Hopefully this can be put in an a-b-c style fashion due to the reduced comprehension skills so many Americans and others suffer under.

So Vox, Jovan and anyone else, any insights you have will be greatly appreciated.
 
Well, for one, Catholics don't have any notion of a "prosperity gospel" -- the idea that God always makes His people materially rich, that living right will always result in material wealth, etc. -- or, conversely, that poverty is a moral shame, a sign of sin, etc. The Protestant focus on the resurrected Christ at the expense of the Suffering Christ leads to some warped thinking.

Work has the purpose of achieving various goals. If the goals are good, and the means of achieving the goals are good, then the work done to achieve those goals is good. If the person doing the good work has the right intent, then all is well. If one of those things is messed up (the goal of the work, the means of the work, or intent of the worker), then there are problems.

The moral virtues are where Catholics focus, and fortitude is doing what's necessary in spite of difficulties (IOW, work).  Eutrapelia -- play, mirth, recreation -- though, is also a virtue, an aspect of temperance. Catholics believe that "all work and no play makes Jack a dull boy." IOW, Catholics see work in a more balanced way than many Prots seem to.
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#15
(05-16-2022, 04:01 PM)arnaud Wrote: Catholics are afraid of wealth, because so far one has to exploit other people to gain additional wealth. One man however bright it might be could create only very limited amount of wealth. That is why he had to create organization to exploit other people and gain additional wealth in such way. There was no wealth without exploitation of other people and nature so far.

AI, AGI and robotics is changing this. There can be additional wealth extract from the machine work and additional resources recycle from wastelands and renewables. Now and in the future there is and won't be need to exploit other people/nature to gain wealth. That is why there will be ethical paths to wealth that will involve the creative work for creation of machines and AI. This work will be ethical. Even more so when its fruits can be hared the the poor people and for the supporting of Church.

So - in summary - Catholic outlook on work and wealth has been very cautious. But I sketch the need for redefinition of the Catholic theology of work and wealth.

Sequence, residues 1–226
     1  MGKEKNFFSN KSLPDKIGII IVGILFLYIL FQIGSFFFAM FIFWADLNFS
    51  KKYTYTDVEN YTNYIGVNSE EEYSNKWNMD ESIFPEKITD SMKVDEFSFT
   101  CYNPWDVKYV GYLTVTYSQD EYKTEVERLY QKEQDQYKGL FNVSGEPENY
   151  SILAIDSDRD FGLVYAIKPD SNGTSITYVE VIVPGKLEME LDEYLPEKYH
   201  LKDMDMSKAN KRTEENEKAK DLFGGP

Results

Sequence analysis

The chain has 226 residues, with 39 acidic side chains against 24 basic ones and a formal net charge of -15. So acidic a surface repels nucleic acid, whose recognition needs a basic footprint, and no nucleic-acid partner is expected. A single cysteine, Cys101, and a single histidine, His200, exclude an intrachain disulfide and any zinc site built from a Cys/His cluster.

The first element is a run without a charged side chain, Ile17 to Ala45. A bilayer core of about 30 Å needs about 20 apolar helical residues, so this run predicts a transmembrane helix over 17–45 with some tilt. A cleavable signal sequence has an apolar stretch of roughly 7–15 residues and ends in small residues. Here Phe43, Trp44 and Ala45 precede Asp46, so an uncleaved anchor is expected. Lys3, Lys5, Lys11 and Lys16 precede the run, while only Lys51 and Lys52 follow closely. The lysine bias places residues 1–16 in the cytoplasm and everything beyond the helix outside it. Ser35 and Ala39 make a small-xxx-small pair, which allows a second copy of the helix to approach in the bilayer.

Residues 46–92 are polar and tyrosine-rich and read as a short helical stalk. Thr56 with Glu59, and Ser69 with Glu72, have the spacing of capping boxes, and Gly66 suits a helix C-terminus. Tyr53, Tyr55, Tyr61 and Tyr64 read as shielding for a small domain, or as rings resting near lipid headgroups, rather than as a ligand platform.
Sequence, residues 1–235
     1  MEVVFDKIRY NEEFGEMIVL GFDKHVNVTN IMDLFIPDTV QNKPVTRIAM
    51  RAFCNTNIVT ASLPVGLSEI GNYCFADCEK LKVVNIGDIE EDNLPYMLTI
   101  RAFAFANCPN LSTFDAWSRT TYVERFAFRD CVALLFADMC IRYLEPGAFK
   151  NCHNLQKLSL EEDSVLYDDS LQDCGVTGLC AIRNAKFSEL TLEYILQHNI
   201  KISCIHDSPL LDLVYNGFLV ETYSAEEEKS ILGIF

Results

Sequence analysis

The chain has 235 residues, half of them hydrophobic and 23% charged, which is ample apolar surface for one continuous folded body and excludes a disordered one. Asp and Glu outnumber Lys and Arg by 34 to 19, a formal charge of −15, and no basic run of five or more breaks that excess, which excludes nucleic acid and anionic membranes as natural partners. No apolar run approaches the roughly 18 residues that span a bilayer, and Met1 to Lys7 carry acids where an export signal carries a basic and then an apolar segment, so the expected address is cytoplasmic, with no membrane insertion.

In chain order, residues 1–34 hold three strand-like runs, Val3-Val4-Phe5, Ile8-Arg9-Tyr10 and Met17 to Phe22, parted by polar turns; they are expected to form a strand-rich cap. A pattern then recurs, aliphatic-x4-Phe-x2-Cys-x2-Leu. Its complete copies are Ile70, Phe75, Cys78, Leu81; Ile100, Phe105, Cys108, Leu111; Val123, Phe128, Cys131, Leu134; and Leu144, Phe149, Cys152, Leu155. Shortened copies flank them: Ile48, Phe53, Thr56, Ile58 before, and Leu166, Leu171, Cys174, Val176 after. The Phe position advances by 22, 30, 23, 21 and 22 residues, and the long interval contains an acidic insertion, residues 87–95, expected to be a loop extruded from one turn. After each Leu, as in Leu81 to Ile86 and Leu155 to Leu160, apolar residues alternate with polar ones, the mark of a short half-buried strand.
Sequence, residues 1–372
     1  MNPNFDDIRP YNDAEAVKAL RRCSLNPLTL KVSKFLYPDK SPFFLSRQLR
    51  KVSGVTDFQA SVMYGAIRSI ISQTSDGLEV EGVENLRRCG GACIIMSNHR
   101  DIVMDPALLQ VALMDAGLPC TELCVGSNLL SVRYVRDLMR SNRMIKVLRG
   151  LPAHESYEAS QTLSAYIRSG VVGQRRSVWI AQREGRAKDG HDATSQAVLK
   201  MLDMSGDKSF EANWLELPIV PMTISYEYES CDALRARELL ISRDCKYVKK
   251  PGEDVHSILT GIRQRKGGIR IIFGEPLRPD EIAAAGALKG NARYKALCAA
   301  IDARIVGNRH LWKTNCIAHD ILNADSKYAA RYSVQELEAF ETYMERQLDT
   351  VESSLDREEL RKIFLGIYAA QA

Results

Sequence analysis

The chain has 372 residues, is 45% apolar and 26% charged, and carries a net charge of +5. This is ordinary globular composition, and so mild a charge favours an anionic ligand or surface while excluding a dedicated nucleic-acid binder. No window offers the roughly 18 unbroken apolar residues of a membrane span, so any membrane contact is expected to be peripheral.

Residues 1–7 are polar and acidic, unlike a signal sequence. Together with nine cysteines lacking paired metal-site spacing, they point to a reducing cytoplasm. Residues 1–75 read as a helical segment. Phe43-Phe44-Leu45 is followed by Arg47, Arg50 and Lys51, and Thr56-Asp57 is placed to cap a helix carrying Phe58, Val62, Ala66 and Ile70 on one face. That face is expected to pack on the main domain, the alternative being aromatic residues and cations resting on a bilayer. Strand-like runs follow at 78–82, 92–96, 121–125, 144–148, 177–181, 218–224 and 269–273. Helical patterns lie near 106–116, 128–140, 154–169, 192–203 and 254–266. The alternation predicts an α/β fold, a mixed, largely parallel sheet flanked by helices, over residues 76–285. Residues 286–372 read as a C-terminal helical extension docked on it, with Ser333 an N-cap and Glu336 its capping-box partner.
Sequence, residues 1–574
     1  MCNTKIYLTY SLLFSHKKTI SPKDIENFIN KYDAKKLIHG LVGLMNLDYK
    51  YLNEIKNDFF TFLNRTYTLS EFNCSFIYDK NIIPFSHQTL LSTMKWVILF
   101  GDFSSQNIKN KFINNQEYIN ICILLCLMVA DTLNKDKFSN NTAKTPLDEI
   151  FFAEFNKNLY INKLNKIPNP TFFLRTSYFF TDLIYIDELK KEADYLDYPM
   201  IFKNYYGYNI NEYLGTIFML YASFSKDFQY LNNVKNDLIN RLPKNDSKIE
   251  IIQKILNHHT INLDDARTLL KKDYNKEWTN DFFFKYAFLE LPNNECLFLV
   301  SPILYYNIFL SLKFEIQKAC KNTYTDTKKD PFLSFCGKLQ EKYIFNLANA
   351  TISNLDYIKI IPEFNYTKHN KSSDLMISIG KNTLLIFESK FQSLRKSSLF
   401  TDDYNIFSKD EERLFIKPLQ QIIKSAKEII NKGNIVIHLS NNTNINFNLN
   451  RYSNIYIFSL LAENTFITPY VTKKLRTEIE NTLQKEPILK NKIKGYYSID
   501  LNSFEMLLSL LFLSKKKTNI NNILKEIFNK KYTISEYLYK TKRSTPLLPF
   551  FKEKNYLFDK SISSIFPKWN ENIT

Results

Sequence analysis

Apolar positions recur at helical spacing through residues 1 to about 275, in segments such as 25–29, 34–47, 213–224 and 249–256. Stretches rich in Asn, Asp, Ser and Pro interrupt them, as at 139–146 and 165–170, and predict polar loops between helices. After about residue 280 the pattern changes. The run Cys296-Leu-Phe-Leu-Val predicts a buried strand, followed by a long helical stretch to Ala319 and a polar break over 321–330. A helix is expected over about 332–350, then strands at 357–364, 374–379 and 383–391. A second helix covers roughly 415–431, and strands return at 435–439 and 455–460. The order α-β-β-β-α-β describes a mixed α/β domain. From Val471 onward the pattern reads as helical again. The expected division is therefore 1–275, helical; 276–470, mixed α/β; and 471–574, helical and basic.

Protestants had less understanding about social justice and we could see this in Vienna and other industrial cities around start of 20th Century. The life of workers was quite sad.

I've never met a Catholics who is "afraid of wealth," and no one has to exploit anyone to become wealthy.
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#16
(05-16-2022, 04:30 PM)VoxClamantis Wrote:
(05-16-2022, 04:01 PM)arnaud Wrote: Catholics are afraid of wealth, because so far one has to exploit other people to gain additional wealth. One man however bright it might be could create only very limited amount of wealth. That is why he had to create organization to exploit other people and gain additional wealth in such way. There was no wealth without exploitation of other people and nature so far.

AI, AGI and robotics is changing this. There can be additional wealth extract from the machine work and additional resources recycle from wastelands and renewables. Now and in the future there is and won't be need to exploit other people/nature to gain wealth. That is why there will be ethical paths to wealth that will involve the creative work for creation of machines and AI. This work will be ethical. Even more so when its fruits can be hared the the poor people and for the supporting of Church.

So - in summary - Catholic outlook on work and wealth has been very cautious. But I sketch the need for redefinition of the Catholic theology of work and wealth.

Protestants had less understanding about social justice and we could see this in Vienna and other industrial cities around start of 20th Century. The life of workers was quite sad.

I've never met a Catholics who is "afraid of wealth," and no one has to exploit anyone to become wealthy.

But why there are so few saints who have created their wealth in their lifetime or who were exceptional masters of their job?